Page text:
From the Archives: Yoga Hosers Makes Me Miss the Old Kevin Smith

From the Archives: Yoga Hosers Makes Me Miss the Old Kevin Smith

In the interest of getting “hard” copies of my work under one roof, I plan to spend the next few weeks posting the entire archive of my film journalism here on ScullyVision. With due respect to the many publications I’ve written for, the internet remains quite temporary, and I’d hate to see any of my work disappear for digital reasons. As such, this gargantuan project must begin! I don’t want to do it. I hate doing it. But it needs to be done. Please note that my opinions, like everyone’s, have changed a LOT since I started, so many of these reviews will only represent a snapshot in time. Objectivity has absolutely no place in film criticism, at least not how I do it. 

Without further ado, I present to you: FROM THE ARCHIVES.
Originally posted on Cinema76.

I have now seen Yoga Hosers. For those not in the know, Yoga Hosers is part two of Kevin Smith’s “True North” trilogy, in which he places a trio of niche horror/comedies in a heightened version of Canada. It began with Tusk, the strange, underrated tale of a lonely man who surgically transforms a hotshot podcaster into a pet walrus, and it will end with Moose Jaws, a reimagining of Jaws, but with a moose. In the middle of it all is Yoga Hosers, which Smith is currently exhibiting with the tag that it’s the “‘wurst movie ever made”.

Because in Yoga Hosers Kevin Smith plays a squadron of “Bratzis” – little Nazis that are made of bratwurst and wear Canadian Mountie uniforms.


This is far from the weirdest thing in the film. Let’s get the basics out of the way: Yoga Hosers tells the tale of the Colleens, two best friends (played by real-life friends Harley Quinn Smith and Lily-Rose Depp) who work at the Eh-2-Zed convenience store/artisanal syrup provider. They spend their days at school, and their nights rehearsing with their band in the back of the Zed. When the Colleens are invited to the pinnacle of social events, a grade-12 party, on a night that they’re supposed to work, they decide to bring the party to the Zed, and all hell breaks loose. The above-referenced Bratzis have everything to do with it. Johnny Depp returns as Guy LaPointe, the bumbling detective from Tusk, which may or may not interest you.

It’s mostly harmless and often funny, even if it’s not very good. But I guess that’s the point, what with it being the, ahem, ‘wurst movie ever made.

If you’ve seen the trailer you know exactly what to expect, and based on the general response, most plan to avoid this movie like the plague. I don’t blame them. I, a dyed in the wool Kevin Smith fan, cringed at much of what the trailer had to offer, and uttered an audible expletive when Smith credited himself as a “human hockey jersey.” Still, my love for Tusk and for Smith in general was more than enough to get my ass into a seat, but as I left the theater I felt torn.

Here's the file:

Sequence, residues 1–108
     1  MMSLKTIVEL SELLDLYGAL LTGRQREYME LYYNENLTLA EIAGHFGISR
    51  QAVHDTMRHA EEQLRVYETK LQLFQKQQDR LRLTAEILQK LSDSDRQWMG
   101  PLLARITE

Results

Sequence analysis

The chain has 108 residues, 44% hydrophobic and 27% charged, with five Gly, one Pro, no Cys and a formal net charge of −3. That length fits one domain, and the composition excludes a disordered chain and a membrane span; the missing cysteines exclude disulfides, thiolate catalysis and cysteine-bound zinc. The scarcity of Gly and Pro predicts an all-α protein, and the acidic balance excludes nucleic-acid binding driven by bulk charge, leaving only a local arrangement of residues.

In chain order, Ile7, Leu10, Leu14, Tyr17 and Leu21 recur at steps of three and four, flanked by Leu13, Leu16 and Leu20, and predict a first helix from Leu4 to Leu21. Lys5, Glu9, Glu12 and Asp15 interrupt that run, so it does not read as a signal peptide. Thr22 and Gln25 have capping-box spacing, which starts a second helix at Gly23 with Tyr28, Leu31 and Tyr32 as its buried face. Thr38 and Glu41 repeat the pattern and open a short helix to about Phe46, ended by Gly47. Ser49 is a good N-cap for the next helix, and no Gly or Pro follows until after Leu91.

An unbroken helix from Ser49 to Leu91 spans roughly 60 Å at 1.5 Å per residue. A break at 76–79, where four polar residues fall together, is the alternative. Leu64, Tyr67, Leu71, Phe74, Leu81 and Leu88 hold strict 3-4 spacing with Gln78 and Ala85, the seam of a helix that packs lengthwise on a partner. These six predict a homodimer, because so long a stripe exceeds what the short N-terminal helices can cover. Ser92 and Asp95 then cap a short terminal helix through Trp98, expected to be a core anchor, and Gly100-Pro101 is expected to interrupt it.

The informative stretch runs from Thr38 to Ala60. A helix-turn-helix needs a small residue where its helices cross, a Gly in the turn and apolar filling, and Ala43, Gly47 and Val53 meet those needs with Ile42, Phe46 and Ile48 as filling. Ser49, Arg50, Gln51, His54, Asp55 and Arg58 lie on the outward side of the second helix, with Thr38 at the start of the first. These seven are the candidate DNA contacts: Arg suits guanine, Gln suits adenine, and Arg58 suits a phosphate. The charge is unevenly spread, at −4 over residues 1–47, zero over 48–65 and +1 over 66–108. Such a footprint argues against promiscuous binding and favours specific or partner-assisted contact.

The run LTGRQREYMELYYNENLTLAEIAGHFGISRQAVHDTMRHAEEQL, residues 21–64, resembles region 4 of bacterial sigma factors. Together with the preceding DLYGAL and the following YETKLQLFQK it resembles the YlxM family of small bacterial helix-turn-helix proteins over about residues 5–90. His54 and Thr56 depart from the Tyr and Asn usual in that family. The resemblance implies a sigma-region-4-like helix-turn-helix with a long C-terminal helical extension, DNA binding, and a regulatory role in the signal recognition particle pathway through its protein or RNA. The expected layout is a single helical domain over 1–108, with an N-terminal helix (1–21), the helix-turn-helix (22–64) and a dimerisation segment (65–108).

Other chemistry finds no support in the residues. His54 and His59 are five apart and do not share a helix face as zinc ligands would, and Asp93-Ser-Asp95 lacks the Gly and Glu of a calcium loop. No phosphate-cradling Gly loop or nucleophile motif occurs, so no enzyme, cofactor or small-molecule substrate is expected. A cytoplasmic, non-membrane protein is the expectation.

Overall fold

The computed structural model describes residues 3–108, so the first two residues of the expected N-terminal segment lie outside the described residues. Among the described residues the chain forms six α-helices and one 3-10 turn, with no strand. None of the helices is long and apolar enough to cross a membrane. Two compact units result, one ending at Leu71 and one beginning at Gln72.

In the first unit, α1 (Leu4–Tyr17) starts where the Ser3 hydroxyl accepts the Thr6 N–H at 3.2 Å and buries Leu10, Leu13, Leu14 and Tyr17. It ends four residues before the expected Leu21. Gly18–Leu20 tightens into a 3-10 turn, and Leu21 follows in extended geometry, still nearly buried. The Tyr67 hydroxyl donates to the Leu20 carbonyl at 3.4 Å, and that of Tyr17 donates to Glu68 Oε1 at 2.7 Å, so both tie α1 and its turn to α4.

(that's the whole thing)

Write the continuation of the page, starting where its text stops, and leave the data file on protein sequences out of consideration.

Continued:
You see, Smith has more than publicly stated that he no longer wishes to make movies for audiences, but rather for his own entertainment. He’s certainly earned his right to do so, and has found a way to obtain the funding necessary, but it begs the question: if not for an audience, why release the movie at all?  Now it’s positively refreshing to see filmmaker creating a pure, unchallenged vision – the film he  wanted to make, no more, no less – but there’s an attempt here to have his cake and eat it too. This is why I’m so torn. Yoga Hosers IS for an audience. Amidst all of the colorful, unresolved plot threads, the film makes a pretty direct indictment of ‘hater-critics’ – that breed of fanboy/culture snob that loves something until they hate it, and then hate it HARD. Smith clearly feels burned by his fanbase and by critics in general. It’s easy to see why. He was once a critical darling and the face of a generation of nerds … now he’s become a punchline.


But whose fault is that?

The statement in Yoga Hosers is that ‘hater-critics’ simply NEED to hate, and will burn their idols just to stand atop the ashes. Yet the criticism feels disingenuous. Smith fails to realize that he has been very instrumental in creating this precise culture of entitled/reactionary fanboyism. He’s not solely responsible, but it’s undeniable that he’s partially to blame. Looking at Yoga Hosers, you can see an enactment of the very same behavior that he’s railing so hard against. It’s him saying to the audience “oh, you don’t think I make good movies??? Well now I ONLY make bad movies!” It’s a sneakily underhanded way to become critic-proof. It’s the cinematic equivalent of taking one’s ball and going home.

The strangest thing to me is how sloppily this message is handled. Smith has proven in the past that he is more than capable of mixing a potent commentary with his brand of crass humor. Dogma will always remain a strong criticism of the church that is as scathing as it is respectful … and it comes complete with a poop monster.

I guess what I’m saying is that I miss Kevin Smith. I’m not ready to give up on him just yet, and I’m holding out hope for Moose Jaws, yet I can’t help but to feel a little bit betrayed. I’ve always defended even the lesser works of this once beloved filmmaker, and I’m happy to half-defend the anti-establishment notion of Yoga Hosers*, but if Kevin Smith continues to attack his audience while hiding behind he idea that it’s all in good fun, my inclination to come to his defense will wane until it is negligible. You’re better than this, Mr. Smith. You’ve more than proved it in the past, and it’s time to prove it again. Stop working to validate the hater-critics. Prove your fans right. Prove ME right. I know you have it in you.

*All said, Yoga Hosers is certainly not a bad way to spend 88 minutes.

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